Crop Diversity: Good for public health, good for the bottom line

A story in the Des Moines Register last Friday forecasts a fourth year of losses for Iowa farmers. As I see it, this is but another reason to get behind crop diversity in the heartland.

story in the Des Moines Register last Friday forecasts a fourth year of losses for Iowa farmers. While I’m not a farm economist, I do know that losing 30-40 cents per bushel of corn is a hard way to make a go of it.

The problem in Iowa isn’t about production. According to the story, the 2017 harvest is shaping up to be the third largest ever for corn and second largest ever for soybeans. Instead, the financial losses are all about the price per bushel that farmers expect to receive vs. costs of production. 

As I see it, this is but another reason to get behind crop diversity in the heartland. Here, the argument is one of supply and demand. If farmers plant more oats, barley and other small grains, as well as more hays/legumes such as alfalfa, the over-supply of corn and soybeans will be addressed. And, assuming a sane market, prices for corn and soybeans will go up. (More on markets and prices for other crops below.)

Economic arguments, though, are not why I get excited about greater crop diversity.

For more than a decade, Iowa State University has been testing the merits of a 4-crop rotation, such as planting corn, soy, oats, and alfalfa over the course of four years. The results? The ISU researchers have reduced their use of pesticides and synthetic fertilizers by about 90% while maintaining profits. That’s a staggering number, and even if farmers don’t push the limits as aggressively as ISU agronomists, we’re still talking about major reductions in chemicals. Moreover, we would expect correlating reductions in cancersrespiratory problemsreproductive system disorders, and more.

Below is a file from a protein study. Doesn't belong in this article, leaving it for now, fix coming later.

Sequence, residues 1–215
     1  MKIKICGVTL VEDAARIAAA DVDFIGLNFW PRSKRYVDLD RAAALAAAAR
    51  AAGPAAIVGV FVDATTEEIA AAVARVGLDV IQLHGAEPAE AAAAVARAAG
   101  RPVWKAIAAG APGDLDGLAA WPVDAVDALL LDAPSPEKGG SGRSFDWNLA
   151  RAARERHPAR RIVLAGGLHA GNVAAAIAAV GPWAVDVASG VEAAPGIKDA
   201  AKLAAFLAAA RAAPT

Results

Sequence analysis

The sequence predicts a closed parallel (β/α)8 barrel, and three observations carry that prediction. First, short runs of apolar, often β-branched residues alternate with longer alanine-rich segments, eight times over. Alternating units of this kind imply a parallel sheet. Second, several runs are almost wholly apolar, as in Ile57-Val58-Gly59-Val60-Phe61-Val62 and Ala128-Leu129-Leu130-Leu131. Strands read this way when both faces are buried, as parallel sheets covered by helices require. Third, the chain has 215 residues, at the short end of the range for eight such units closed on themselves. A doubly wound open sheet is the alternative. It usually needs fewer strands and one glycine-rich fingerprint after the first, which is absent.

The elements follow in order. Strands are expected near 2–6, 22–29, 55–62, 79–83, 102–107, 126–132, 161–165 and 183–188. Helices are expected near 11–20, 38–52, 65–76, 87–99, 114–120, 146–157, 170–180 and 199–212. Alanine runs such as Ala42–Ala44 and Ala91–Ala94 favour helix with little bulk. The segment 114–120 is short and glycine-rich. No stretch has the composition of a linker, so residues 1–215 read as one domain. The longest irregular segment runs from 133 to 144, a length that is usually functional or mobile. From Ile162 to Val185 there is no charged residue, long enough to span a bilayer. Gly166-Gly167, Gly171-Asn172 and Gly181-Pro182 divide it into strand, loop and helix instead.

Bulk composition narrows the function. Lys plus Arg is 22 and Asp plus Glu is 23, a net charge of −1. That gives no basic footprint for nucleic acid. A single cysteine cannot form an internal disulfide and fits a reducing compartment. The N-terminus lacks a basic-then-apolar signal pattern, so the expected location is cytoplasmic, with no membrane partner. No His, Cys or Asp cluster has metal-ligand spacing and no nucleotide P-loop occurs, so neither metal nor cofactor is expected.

Mark Bittman, then of the New York Times, wrote about this five years ago, calling it “a simple fix for farming.”

He’s right, but of course what’s simple in concept still presents certain challenges. We’ll need some fixes to federal farm policies, such as reducing subsidies that incentivize farmers to plant corn and soybeans (and other commodity crops), and vastly improving upon a program that seeks to increase crop diversity.

Additionally, more must be done to create a stronger market for the “new” crops that farmers plant. With this in mind, I’d like to see some of the biggest purchasers of feed — those in the business of raising livestock and poultry — take action to increase the demand for these grains.  

Many of these companies are talking about sustainability, and I’d like to think they’re serious about it. Let’s see who might stake out a leadership position on crop diversity between companies like TysonOscar Meyer (Kraft)HormelSmithfield, and others. 

Says Smithfield’s in its report: “The most economical and effective way to manage crop diseases is to rotate crops.” 

That’s it. Now help make it happen. 


Steve Blackledge

Senior Director, Conservation America Campaign, Environment America

Steve directs Environment America’s efforts to protect our public lands and waters and the species that depend on them. He led our successful campaign to win full and permanent funding for our nation’s best conservation and recreation program, the Land and Water Conservation Fund. He previously oversaw U.S. PIRG’s public health campaigns. Steve lives in Sacramento, California, with his family, where he enjoys biking and exploring Northern California.

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